Maybe Hollande has forgotten that his predecessor Sarkozy agreed that future EU treaty changes could run against the general trend of "ever closer union".

The last paragraph of Declaration 18 that the representatives of the EU member state governments attached to the Final Act of their amending Lisbon Treaty:


"Equally, the representatives of the governments of the Member States, meeting in an Intergovernmental Conference, in accordance with the ordinary revision procedure provided for in Article 48(2) to (5) of the Treaty on European Union, may decide to amend the Treaties upon which the Union is founded, including either to increase or to reduce the competences conferred on the Union in the said Treaties."

Like all such Declarations that Declaration 18 is not itself legally binding, but the relevant treaty articles are legally binding, and Sarkozy had agreed to the insertion of the new sentence:

"These proposals may, inter alia, serve either to increase or to reduce the competences conferred on the Union in the Treaties."

into Article 48 TEU on revision of the EU treaties.

Rik said...

It looks to ge getting on the agenda. And from other remarks by Hollande it appears that he understands (referring to a necessary treaty change) that he will not get away with it that easy.
Merkel V
Hollande V
Norths V
South and Brussels burocrats getting less and less important as they donot have money.

christina speight said...

If Hollande were actually right life would be very different.

Firstly The Vienna Convention on Treaties [date 18??] provides the format and procedures for countries no longer being bound by a treaty Secondly the EU Treaty has Articles 48 and 50 to allow for withdrawal or changes.

He's a lightweight politician who when riled tries bullying as his prime tactic.
ANOTHER PLEA on 'Anonymity ' here. Please choose a pen-name as we have on idea if "anonymous" no 1 is the same as the second and third posters using that hiding place!
Make them much more worth reading!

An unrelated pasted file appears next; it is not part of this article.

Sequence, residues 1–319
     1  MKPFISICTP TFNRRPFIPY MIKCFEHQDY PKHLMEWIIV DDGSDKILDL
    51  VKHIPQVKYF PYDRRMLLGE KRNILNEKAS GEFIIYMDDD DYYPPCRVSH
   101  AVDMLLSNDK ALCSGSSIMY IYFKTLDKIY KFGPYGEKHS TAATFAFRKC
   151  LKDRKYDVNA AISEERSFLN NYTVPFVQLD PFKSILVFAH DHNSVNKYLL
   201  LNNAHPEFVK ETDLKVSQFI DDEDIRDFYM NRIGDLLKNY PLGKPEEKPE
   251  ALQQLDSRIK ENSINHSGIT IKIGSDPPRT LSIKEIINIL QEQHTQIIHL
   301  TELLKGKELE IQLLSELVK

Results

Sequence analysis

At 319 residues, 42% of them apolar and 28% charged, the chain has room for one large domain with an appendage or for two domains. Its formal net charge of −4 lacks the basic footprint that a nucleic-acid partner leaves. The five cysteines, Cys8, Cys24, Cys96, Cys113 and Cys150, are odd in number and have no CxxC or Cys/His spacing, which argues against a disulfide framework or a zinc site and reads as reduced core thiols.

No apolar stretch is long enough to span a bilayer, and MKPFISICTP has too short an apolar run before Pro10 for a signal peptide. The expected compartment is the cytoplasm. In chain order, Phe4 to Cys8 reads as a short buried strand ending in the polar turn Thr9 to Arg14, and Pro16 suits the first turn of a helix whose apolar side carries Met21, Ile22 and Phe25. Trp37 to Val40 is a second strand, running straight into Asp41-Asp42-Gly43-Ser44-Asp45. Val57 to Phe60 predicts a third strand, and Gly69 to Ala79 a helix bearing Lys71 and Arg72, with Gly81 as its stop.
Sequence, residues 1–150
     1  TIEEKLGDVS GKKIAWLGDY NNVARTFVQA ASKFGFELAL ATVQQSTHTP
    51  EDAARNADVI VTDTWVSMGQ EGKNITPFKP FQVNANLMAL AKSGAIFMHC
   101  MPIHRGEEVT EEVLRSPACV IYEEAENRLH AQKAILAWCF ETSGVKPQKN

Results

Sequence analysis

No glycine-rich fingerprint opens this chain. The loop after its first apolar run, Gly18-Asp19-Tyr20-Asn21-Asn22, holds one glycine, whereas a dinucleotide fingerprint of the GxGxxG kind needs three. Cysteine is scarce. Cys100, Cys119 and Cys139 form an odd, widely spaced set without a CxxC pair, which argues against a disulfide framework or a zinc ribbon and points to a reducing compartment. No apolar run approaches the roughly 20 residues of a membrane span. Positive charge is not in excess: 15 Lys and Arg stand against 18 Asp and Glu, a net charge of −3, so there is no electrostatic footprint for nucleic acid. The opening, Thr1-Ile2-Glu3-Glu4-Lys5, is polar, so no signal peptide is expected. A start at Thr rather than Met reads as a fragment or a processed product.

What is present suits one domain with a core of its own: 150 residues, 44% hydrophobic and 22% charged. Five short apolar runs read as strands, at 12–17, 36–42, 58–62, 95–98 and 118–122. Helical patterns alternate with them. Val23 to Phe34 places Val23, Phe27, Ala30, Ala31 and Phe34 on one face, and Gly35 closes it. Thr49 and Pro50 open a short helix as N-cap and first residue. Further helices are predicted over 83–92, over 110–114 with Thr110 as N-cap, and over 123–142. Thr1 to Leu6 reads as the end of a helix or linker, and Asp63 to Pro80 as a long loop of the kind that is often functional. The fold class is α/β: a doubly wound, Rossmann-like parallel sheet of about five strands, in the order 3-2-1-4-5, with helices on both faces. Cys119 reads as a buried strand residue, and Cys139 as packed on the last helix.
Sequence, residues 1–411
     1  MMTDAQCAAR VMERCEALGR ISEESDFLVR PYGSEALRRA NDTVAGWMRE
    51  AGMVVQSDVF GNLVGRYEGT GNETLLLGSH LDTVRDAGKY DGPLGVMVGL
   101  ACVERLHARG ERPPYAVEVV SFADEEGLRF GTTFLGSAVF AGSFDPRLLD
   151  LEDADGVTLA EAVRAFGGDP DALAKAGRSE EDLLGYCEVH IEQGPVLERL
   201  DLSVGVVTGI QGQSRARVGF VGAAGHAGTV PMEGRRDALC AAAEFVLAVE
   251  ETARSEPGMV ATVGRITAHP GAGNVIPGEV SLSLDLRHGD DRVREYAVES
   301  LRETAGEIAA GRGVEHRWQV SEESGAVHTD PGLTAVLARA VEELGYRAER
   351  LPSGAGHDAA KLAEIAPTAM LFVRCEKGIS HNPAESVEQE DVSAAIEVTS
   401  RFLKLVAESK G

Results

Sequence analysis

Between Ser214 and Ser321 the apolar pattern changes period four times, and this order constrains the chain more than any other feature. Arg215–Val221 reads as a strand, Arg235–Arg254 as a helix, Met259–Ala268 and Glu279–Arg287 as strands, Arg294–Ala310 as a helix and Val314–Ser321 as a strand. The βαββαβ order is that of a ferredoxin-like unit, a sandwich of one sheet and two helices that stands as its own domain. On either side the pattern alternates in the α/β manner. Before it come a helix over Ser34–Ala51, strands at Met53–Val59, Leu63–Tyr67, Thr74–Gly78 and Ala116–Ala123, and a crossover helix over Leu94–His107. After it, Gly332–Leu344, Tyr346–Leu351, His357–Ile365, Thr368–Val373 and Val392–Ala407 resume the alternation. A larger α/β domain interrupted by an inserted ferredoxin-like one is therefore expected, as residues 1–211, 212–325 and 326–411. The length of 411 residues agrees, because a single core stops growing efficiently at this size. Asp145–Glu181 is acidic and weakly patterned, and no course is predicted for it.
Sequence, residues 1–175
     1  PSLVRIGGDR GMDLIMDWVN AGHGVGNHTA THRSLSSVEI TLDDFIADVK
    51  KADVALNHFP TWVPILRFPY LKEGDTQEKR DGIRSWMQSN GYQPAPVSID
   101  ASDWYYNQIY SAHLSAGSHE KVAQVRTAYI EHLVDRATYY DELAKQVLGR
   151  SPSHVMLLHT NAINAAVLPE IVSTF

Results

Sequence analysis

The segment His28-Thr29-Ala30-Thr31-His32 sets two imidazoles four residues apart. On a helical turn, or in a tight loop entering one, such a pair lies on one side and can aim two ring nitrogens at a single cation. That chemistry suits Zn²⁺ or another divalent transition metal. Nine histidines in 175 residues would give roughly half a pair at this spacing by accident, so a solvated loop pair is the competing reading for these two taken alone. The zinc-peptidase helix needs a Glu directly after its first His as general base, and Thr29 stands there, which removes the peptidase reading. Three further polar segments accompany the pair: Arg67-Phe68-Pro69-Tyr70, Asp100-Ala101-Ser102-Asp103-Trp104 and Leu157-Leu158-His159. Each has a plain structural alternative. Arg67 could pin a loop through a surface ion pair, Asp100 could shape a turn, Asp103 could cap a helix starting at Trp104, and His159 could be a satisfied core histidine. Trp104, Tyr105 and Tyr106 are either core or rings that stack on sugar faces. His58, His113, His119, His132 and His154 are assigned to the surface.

C.B.Ross said...

@ christina speight

Well said, re anonymity. However, I am with all of the "Anonymous"s who are for getting out of this discredited, devious, débacle known as the E "Union"!

Rik said...

Probably legally the way is 48-50. As EU law is considered senior over 'normal' treaty law.

Anyway it looks like a much safer way to do it. There are enough legal Frankensteins with the EU at the moment and now they will add likley again another one with the Bankingunion.

Denis Cooper said...

As far as withdrawal from the EU under Article 50 TEU is concerned Rik must be correct, because the insertion of that provision into the EU treaties has made the process of withdrawal a matter of specifically EU law rather than general international law, plus of course it is still a matter of national law insofar as all the countries involved would have to ratify the withdrawal agreement.

This is one way in which Article 50 is double-edged: because withdrawal has been made a matter of EU law and the ECJ has not been excluded from having jurisdiction, as it could have been, it would be possible for a malign force, let us say clandestine operatives of one of the other EU member state governments, let us further say for example the German government, to arrange for a complaint to the ECJ in order to impede the process of withdrawal of the UK.

It wouldn't be necessary for there to be any real substance to the complaint, as the primary purpose would only be to delay conclusion of the withdrawal process until there was a change of government and the new government rescinded the UK's notice of its intention to leave the EU.

If this seems far-fetched, cast your mind back to the autumn of 2009 and recall the strenuous and at times vile efforts the German government made to force President Klaus of the Czech Republic to sign off the Lisbon Treaty to make sure that it would come into force BEFORE the British general election, so providing Cameron with his specious excuse for not putting it to a referendum.